Barthel and his team decided to challenge the reasoning behind the standard.
“We thought, ‘What would happen if we reduced the circumference to 43mm?’ We thought consumers would not notice the change. But the farmer did. What the farmer saw was a five per cent increase in utilisation, which was close to $2,000 a hectare.”
Barthel believes it is those sorts of aspirations where savings can be generated and there are some win-wins, not just for primary producers, but for retailers, too.
“We’re asking retailers to question some of the rationale behind these broader quality standards they have,” he said. “They haven’t really seen with their own eyes, themselves, the impact the standards are having on primary producers.”
And that impact can sometimes lead to a double negative whammy at the paddock.
“We see about 31 per cent of food waste appearing in primary production in Australia, and that is about 2.27 million tonnes of food not harvested or ploughed back in,” he said. “And that is to do with economics as well as cosmetic quality standard. What seems to be happening is we have an over production in order for suppliers to hit the retailers perfect quality standard bell curve. And the overproduction itself then depresses the price and to a lot of farmers that means it is uneconomical to get that graded product out of the paddock.”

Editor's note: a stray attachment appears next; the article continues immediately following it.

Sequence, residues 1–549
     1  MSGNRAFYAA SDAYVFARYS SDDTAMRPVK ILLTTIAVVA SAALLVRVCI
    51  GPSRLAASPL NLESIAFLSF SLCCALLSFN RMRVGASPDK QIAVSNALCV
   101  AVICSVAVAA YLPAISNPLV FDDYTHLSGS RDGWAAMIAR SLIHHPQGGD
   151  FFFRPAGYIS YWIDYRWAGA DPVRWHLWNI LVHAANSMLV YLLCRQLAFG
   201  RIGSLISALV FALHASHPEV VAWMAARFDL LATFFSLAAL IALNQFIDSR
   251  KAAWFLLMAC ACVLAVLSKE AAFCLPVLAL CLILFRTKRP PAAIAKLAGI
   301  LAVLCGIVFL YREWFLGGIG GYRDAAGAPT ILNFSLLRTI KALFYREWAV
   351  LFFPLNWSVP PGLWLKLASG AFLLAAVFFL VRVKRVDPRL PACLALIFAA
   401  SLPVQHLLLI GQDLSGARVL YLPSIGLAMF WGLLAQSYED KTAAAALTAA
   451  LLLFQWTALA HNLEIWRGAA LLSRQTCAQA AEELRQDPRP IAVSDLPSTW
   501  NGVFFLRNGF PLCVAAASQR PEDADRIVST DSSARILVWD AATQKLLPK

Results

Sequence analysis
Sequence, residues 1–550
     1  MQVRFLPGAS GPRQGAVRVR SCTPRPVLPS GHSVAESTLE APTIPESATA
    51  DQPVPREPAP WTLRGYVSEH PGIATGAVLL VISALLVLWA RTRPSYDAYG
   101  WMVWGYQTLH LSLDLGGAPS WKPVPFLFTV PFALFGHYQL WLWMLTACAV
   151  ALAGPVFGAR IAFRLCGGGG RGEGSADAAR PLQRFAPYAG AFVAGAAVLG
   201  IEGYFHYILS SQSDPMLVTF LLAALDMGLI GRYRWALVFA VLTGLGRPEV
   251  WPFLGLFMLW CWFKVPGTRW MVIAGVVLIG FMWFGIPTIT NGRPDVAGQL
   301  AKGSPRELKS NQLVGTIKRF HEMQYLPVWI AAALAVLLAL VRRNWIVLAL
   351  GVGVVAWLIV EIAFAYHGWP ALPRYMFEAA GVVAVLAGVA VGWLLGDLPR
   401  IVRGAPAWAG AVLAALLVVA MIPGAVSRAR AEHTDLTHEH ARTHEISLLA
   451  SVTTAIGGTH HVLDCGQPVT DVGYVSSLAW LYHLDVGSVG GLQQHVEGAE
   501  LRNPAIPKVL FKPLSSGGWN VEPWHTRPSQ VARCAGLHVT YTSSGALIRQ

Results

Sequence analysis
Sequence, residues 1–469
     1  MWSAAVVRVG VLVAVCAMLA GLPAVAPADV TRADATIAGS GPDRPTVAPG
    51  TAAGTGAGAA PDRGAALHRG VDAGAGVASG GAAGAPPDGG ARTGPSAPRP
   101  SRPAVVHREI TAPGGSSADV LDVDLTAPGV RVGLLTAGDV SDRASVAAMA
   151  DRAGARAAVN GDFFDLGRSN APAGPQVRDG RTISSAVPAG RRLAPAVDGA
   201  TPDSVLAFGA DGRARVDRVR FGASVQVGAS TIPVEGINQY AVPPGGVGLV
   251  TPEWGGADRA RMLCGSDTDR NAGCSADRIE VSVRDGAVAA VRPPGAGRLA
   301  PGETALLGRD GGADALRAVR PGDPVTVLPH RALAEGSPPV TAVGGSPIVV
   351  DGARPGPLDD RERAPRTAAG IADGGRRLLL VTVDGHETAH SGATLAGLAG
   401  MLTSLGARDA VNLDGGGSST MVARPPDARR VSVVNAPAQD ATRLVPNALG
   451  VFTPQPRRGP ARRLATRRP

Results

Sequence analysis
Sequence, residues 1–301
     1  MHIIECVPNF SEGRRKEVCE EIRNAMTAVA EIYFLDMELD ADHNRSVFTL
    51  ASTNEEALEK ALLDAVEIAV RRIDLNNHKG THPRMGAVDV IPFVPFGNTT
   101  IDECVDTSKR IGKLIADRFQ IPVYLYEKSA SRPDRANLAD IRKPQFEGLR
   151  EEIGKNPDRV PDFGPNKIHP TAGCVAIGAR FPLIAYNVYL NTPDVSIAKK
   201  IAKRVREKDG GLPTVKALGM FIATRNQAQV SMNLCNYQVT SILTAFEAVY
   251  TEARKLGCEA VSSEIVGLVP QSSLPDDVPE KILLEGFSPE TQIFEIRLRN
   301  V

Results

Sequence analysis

With the UK model, there were many shifts and changes throughout the past 10 years. That journey took him to a place where supermarkets and hospitality companies tended to have very transactional relationships; very short-term contracts with suppliers.